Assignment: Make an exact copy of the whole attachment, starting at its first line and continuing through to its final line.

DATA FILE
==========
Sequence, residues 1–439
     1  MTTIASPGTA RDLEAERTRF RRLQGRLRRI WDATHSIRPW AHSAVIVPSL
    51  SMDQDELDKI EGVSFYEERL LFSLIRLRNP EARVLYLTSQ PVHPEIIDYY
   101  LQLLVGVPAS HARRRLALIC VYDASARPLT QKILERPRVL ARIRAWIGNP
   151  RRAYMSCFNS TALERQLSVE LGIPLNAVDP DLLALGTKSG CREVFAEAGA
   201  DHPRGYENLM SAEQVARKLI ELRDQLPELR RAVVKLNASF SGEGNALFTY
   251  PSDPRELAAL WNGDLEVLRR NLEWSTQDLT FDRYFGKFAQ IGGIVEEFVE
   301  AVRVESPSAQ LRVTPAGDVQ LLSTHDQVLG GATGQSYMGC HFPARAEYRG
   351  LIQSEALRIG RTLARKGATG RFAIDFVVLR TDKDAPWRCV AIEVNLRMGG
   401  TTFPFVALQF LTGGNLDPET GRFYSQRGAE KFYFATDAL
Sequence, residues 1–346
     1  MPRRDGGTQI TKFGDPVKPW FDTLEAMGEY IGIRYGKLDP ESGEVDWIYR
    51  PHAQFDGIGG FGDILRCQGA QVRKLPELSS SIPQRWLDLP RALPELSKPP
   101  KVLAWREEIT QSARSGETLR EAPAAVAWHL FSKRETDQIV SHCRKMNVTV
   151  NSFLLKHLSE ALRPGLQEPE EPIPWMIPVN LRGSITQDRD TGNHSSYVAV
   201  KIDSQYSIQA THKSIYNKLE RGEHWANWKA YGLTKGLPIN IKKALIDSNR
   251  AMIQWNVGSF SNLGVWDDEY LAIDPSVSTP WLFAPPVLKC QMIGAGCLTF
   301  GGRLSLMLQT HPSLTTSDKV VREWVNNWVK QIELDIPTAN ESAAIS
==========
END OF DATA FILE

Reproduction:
Sequence, residues 1–439
     1  MTTIASPGTA RDLEAERTRF RRLQGRLRRI WDATHSIRPW AHSAVIVPSL
    51  SMDQDELDKI EGVSFYEERL LFSLIRLRNP EARVLYLTSQ PVHPEIIDYY
   101  LQLLVGVPAS HARRRLALIC VYDASARPLT QKILERPRVL ARIRAWIGNP
   151  RRAYMSCFNS TALERQLSVE LGIPLNAVDP DLLALGTKSG CREVFAEAGA
   201  DHPRGYENLM SAEQVARKLI ELRDQLPELR RAVVKLNASF SGEGNALFTY
   251  PSDPRELAAL WNGDLEVLRR NLEWSTQDLT FDRYFGKFAQ IGGIVEEFVE
   301  AVRVESPSAQ LRVTPAGDVQ LLSTHDQVLG GATGQSYMGC HFPARAEYRG
   351  LIQSEALRIG RTLARKGATG RFAIDFVVLR TDKDAPWRCV AIEVNLRMGG
   401  TTFPFVALQF LTGGNLDPET GRFYSQRGAE KFYFATDAL
Sequence, residues 1–346
     1  MPRRDGGTQI TKFGDPVKPW FDTLEAMGEY IGIRYGKLDP ESGEVDWIYR
    51  PHAQFDGIGG FGDILRCQGA QVRKLPELSS SIPQRWLDLP RALPELSKPP
   101  KVLAWREEIT QSARSGETLR EAPAAVAWHL FSKRETDQIV SHCRKMNVTV
   151  NSFLLKHLSE ALRPGLQEPE EPIPWMIPVN LRGSITQDRD TGNHSSYVAV
   201  KIDSQYSIQA THKSIYNKLE RGEHWANWKA YGLTKGLPIN IKKALIDSNR
   251  AMIQWNVGSF SNLGVWDDEY LAIDPSVSTP WLFAPPVLKC QMIGAGCLTF
   301  GGRLSLMLQT HPSLTTSDKV VREWVNNWVK QIELDIPTAN ESAAIS